The Arizona Highway Patrol came upon a pile of smouldering metal embedded into the side of a cliff rising above the road at the apex of a curve. The wreckage resembled the side of an airplane crash, but it was a car. The type of car was unidentifiable at the scene. The police lab finally figured out what it was and what had happened.
It seems that a guy had somehow gotten hold of a JATO unit (Jet Assisted Take Off - actually a solid fuel rocket) that is used to give heavy military transport planes an extra "push" for taking off from short airfields. He had driven his Chevy Impala out into the desert and found a long, straight strech of road. Then he attached the JATO unit to his car, jumped in, got up some speed and fired off the JATO!
The facts as best as could be determined are that the operator of the 1967 Impala hit JATO ignition at a distance of approximately 3.0 miles from the crash site. This was established by the prominent scorched and melted asphalt at that location. The JATO, if operating properly, would have reached maximum thrust within 5 seconds. The driver, soon to be pilot, most likely would have experienced G-forces usually reserved for dog-fighting F-14 jocks under full afterburns, basically causing him to become insignificant for the remainder of the event. However, the automobile remained on the straight highway for about 2.5 miles (15-20) seconds before the driver applied and completely melted the brakes, blowing the tyres and leaving thick rubber marks on the road surface, then becoming airborne for an additional 1.4 miles and impacting the cliff face at a height of 125 feet leaving a blackened crater 3 feet deep in the rock.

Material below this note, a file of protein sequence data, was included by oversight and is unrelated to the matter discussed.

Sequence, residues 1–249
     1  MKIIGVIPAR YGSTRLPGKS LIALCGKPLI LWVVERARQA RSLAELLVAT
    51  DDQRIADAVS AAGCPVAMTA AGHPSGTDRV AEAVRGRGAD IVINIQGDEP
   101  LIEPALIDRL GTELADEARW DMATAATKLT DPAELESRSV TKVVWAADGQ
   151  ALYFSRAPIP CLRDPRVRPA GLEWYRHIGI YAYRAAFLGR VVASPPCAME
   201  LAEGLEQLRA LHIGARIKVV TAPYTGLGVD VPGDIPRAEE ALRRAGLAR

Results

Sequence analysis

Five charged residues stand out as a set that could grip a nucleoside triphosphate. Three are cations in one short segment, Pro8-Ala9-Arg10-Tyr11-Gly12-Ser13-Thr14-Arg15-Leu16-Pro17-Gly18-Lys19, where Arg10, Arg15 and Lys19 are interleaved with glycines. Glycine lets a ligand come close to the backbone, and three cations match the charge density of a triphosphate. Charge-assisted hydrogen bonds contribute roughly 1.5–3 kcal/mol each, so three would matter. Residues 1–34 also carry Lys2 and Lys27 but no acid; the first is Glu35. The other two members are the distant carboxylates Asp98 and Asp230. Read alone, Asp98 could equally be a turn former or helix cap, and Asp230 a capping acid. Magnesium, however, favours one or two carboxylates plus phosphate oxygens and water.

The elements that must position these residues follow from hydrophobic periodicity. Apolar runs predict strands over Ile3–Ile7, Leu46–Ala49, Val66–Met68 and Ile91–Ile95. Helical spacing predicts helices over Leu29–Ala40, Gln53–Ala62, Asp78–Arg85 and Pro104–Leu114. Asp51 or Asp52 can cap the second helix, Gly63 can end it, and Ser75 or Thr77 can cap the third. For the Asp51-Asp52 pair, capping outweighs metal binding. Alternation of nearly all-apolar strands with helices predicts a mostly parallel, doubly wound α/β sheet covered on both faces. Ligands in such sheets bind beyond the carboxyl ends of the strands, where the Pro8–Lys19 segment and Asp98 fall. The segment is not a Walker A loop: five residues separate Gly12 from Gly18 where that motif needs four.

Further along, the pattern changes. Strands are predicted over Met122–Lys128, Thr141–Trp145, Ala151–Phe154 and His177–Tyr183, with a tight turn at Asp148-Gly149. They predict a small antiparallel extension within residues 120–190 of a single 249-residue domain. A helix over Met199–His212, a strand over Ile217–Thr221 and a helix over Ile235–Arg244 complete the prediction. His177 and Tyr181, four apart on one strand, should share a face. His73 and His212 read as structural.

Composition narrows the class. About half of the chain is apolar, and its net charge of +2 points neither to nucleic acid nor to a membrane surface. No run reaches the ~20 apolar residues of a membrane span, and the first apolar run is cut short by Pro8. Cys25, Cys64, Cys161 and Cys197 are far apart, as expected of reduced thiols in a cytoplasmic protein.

Most of the driver's remains were not recoverable; however, small fragments of bone, teeth and hair were extracted from the crater and fingernail and bone shards were removed from a piece of debris believed to be a portion of the steering wheel.
Ironically, a still-legible bumper sticker was found, reading "How do you like my driving? Dial 1-800-EAT-CRAP."
Note: this story is widely held to be apocryphal.